On casinos, SJC holds trump card

Guy Romano (left) and Nancy Wojick (center) held signs opposing a casino in Milford.
Guy Romano (left) and Nancy Wojick (center) held signs opposing a casino in Milford.Lane Turner/Globe staff/file 2013

THE SUPREME Judicial Court is the next and last stand in the battle to keep casinos out of Massachusetts.

If you have any doubts, listen to former mayor Thomas M. Menino, talking last week on WBZ-TV’s “Keller at Large.” Asked by host Jon Keller if voters will still support casinos in Massachusetts if the SJC allows a ballot measure on the question to go forward in November, Menino said, “I really believe that if it goes on the ballot, it’ll lose.”

“If it goes on the ballot” is entirely up to the SJC, which is scheduled to hear arguments on that question in early May. After a year of controversy and confusion over the license-granting process, recent polls show slippage in support.


If Menino — once the key political force behind a casino in East Boston and always an astute reader of public opinion — now believes the tide has turned enough to trigger repeal, the industry must be nervous. So nervous that it is determined to keep the question off the ballot.

Last August, the group that wants to kill casinos filed a petition with Attorney General Martha Coakley. It proposed a law that would essentially overturn the expanded gambling law passed by the Massachusetts Legislature in 2011. In September, Coakley — the current front-runner in the Democratic race to be governor — blocked the petition. In a ruling that essentially put the AG on the side of gaming, she argued that the millions that casino operators put on the table to take part in the state’ s licensing process amounts to an “implied contract.” Therefore, if the ballot question wins and the law is repealed, the outcome amounts to an unfair and unconstitutional taking of property.

Put aside the irony of trying to protect from risk the investments of an industry that makes its fortune off other people’s risks.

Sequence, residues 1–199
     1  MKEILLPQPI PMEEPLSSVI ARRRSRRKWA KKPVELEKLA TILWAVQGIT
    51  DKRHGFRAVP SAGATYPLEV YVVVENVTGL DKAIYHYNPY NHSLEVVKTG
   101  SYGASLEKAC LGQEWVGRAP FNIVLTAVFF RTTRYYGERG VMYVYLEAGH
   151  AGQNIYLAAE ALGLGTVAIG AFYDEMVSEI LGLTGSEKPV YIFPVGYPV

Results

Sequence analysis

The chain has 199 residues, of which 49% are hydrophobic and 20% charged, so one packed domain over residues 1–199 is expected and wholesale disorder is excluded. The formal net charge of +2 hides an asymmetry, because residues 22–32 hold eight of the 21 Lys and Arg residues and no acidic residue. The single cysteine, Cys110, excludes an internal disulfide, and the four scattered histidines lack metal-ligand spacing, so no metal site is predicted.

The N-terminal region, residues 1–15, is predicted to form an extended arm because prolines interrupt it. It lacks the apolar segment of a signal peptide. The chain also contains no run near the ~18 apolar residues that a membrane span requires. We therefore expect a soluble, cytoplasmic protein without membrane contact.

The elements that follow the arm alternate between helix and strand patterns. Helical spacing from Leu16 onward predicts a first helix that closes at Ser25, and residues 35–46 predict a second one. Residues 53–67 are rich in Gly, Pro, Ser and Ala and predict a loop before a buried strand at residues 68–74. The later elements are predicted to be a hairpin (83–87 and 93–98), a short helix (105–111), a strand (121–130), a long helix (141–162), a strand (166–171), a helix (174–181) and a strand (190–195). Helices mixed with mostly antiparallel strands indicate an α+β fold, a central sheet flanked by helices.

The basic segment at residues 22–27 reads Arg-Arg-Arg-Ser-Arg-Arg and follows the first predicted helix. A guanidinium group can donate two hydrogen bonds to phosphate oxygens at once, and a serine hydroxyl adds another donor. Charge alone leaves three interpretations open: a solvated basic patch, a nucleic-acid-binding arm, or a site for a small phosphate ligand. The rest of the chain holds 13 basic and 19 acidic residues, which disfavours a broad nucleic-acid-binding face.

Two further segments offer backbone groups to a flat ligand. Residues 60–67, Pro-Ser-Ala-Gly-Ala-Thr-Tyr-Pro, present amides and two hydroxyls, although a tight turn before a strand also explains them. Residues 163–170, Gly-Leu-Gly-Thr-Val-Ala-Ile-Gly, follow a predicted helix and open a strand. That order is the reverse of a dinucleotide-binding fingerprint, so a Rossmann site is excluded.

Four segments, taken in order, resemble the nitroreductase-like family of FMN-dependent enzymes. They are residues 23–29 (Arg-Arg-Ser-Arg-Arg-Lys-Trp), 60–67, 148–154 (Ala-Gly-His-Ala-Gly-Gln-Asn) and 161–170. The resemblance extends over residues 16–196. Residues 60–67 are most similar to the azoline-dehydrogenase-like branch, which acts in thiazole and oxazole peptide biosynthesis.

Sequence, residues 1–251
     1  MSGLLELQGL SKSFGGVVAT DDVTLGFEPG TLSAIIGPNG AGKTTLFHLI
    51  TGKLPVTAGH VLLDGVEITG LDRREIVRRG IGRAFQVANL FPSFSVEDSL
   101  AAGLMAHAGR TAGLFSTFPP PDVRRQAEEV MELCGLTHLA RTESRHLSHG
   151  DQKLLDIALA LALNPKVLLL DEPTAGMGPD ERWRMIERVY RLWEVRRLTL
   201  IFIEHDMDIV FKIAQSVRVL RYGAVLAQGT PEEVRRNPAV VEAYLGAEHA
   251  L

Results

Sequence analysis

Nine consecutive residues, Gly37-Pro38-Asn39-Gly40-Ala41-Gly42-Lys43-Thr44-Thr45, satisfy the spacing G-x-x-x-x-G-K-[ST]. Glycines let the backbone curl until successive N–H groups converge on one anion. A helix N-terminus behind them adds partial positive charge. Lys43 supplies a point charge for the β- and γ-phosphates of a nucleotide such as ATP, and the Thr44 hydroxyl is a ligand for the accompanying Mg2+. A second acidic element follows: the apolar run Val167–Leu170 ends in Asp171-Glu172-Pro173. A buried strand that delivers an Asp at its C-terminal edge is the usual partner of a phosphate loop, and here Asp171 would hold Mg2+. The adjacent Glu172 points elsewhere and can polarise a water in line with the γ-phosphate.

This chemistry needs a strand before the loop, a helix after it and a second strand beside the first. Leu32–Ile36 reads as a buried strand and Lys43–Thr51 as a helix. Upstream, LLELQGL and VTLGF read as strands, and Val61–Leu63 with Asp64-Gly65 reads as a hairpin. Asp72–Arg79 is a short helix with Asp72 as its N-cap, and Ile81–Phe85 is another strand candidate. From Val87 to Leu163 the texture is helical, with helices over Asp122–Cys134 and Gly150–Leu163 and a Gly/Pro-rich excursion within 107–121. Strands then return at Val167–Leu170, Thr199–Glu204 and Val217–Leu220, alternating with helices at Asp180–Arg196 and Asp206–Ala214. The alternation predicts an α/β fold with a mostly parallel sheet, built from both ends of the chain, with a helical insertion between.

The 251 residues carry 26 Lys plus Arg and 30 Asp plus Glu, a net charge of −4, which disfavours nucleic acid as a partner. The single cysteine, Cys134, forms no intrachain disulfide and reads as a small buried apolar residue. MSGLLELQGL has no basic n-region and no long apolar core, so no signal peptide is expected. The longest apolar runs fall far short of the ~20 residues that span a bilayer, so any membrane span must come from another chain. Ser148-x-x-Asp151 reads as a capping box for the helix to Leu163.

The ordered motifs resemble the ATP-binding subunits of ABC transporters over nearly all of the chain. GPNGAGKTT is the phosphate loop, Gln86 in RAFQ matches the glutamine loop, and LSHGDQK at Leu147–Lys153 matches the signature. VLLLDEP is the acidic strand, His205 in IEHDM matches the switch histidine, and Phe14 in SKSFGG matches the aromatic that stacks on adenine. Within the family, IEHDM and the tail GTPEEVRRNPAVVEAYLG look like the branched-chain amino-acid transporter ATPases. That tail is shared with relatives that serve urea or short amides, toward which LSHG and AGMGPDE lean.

The “No Casino” group, which appealed Coakley’s ruling, contends the weight of the law falls on the side of the people and their right to vote. According to the brief they filed with the SJC, Coakley’s argument of an “implied contract” runs up against a US Supreme Court decision — Stone v. Mississippi. The case, which goes back to 1879, eerily echoes the circumstances at issue in Massachusetts today.

In Stone, the Mississippi legislature granted a 25-year charter to a lottery company in exchange for an initial $5,000 fee, an annual $1,000 tax, and a percentage of receipts from the sale of tickets. A year later, voters adopted a new state Constitution which outlawed lotteries. The holder of the lottery charter argued that it had contracted with the state to operate a lottery and that the new Mississippi Constitution violated it and, with it, the contract clause of the US Constitution.

But the Supreme Court ruled that no contract existed. The fundamental principle, which the SJC has adopted, is that the state cannot bargain away, even by express grant, the right to exercise its police powers to protect the public welfare, said Thomas O. Bean, one of the lead lawyers for the “No Casino” plaintiffs.

In Massachusetts, there is more recent precedent. The SJC ruled in a 2008 case that owners of a dog-racing track had “no compensable property” in their racing license after voters approved a ballot question banning dog racing.


The ballot initiative process followed by “No Casino” advocates was added to the state Constitution almost 100 years ago. It allows citizens to adopt laws they want enacted, or repeal those with which they disagree. After gathering nearly 70,000 signatures, casino repeal backers are hoping that Menino’s prediction holds true. But first, they have to get the question before the voters.

But there are huge business interests at stake, and the casino industry is rallying to protect them. MGM Resorts, for example, has asked the state gambling commission to delay the formal award of its license until after the SJC makes a ruling. The license award would trigger some $200 million in obligations to Massachusetts. MGM doesn’t want to pay that sum — and still risk losing the right to build a casino if the ballot measure goes forward and is approved by voters.

This is an industry that understands risk better than any other. To improve its odds of cashing in, it must stop the people from cashing out. How lucky that, on the next legal battlefield — before the SJC — gaming has the state’s AG on its side.

Joan Vennochi can be reached at vennochi@globe.com. Follow her on Twitter @Joan_Vennochi.